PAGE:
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Wednesday, September 29, 1999

My Life So Far

Posted By on Wed, Sep 29, 1999 at 12:00 AM

Even if – due to a slow start – it takes a viewer 30 minutes to become emotionally engaged in this coming-of-age film by Hugh Hudson (The Killing Fields, Chariots of Fire), it eventually finds its gravity in the inevitability of life and death. My Life So Far (also known as The World of Moss) is the aptly titled autobiography of spirited 10-year-old Fraser Pettigrew (Robert Norman) growing up in a large family on a moss farm in 1920s Scotland.

Embroiled in the curiosity-driven anxiousness of pre-adolescence and an Oedipal struggle with his philandering inventor father, Edward Pettigrew (Colin Firth), the young boy is propelled by strange family circumstances into issues beyond his years, which shock, bewilder and ultimately charm family and friends around him. Fraser is becoming aware of women.

After his father belittles him in front of his lovely French future aunt, Heloise (Irene Jacob), Fraser finds escape, forbidden knowledge and fascination in his deceased grandfather’s book collection in the attic. A few nude photographs and a loftily written essay on prostitution confuse, intrigue and inspire self-discovery.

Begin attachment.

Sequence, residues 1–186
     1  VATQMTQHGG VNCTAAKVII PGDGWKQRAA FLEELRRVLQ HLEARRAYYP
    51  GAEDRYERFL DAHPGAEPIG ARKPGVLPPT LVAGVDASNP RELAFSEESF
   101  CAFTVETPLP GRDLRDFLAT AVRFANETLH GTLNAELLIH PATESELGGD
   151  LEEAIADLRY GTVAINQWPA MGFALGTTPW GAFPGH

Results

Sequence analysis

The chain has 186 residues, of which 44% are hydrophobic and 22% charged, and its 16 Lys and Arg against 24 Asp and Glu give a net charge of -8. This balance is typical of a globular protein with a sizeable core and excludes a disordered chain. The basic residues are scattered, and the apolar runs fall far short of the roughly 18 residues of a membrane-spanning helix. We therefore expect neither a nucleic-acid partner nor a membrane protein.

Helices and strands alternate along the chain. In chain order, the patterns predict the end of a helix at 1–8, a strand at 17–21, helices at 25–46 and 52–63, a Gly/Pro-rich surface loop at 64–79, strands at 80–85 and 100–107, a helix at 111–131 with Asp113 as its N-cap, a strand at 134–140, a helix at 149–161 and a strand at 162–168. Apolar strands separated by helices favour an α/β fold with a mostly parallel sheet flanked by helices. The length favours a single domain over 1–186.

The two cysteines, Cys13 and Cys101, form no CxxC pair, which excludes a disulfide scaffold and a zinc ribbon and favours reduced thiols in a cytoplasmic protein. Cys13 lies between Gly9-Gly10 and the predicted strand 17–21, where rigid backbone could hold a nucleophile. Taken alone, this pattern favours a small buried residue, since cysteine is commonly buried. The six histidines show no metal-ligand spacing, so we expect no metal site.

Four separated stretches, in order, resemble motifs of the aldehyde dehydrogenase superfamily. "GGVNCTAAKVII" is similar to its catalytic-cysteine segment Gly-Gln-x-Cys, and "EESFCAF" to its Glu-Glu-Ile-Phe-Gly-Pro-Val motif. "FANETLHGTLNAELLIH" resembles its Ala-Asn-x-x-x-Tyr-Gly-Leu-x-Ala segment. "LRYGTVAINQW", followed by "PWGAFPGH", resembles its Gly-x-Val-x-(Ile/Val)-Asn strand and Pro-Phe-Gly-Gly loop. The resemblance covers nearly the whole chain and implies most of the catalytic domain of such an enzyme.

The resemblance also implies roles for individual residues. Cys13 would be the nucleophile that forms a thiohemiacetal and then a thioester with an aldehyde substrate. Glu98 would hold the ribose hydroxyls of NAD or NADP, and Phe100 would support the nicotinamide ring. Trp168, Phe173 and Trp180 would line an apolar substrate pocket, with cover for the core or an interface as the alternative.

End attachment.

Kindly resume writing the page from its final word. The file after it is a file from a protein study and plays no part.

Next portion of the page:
Set against lush, green, serene landscapes and lakes, Fraser’s growing awareness about the world and the midlife blundering of his father turn together more as a natural cycle of life than a soap opera in the sprawling hills – even if love, betrayal, death and passion are this film’s primary themes. The life cycle – the new replacing the old – is also represented by Aunt Heloise, and Fraser’s lovely, aging mother, Moira Pettigrew, played convincingly by Mary Elizabeth Mastrantonio.

Heloise represents a feminine ideal – the object of desire – that repels Fraser and draws him in at once. The mother – a woman who gave up a career as an opera singer and is beginning to show lines in her face from years of caring for a husband, a grandmother and a house full of children – floats like a lost ghost. Her absence creates a space for recollection, for our realization that as much as it narrates a boy’s coming-of-age, this film also documents an inevitable exit that is just as easy and moving to read as Fraser’s naive account of life. At least so far.

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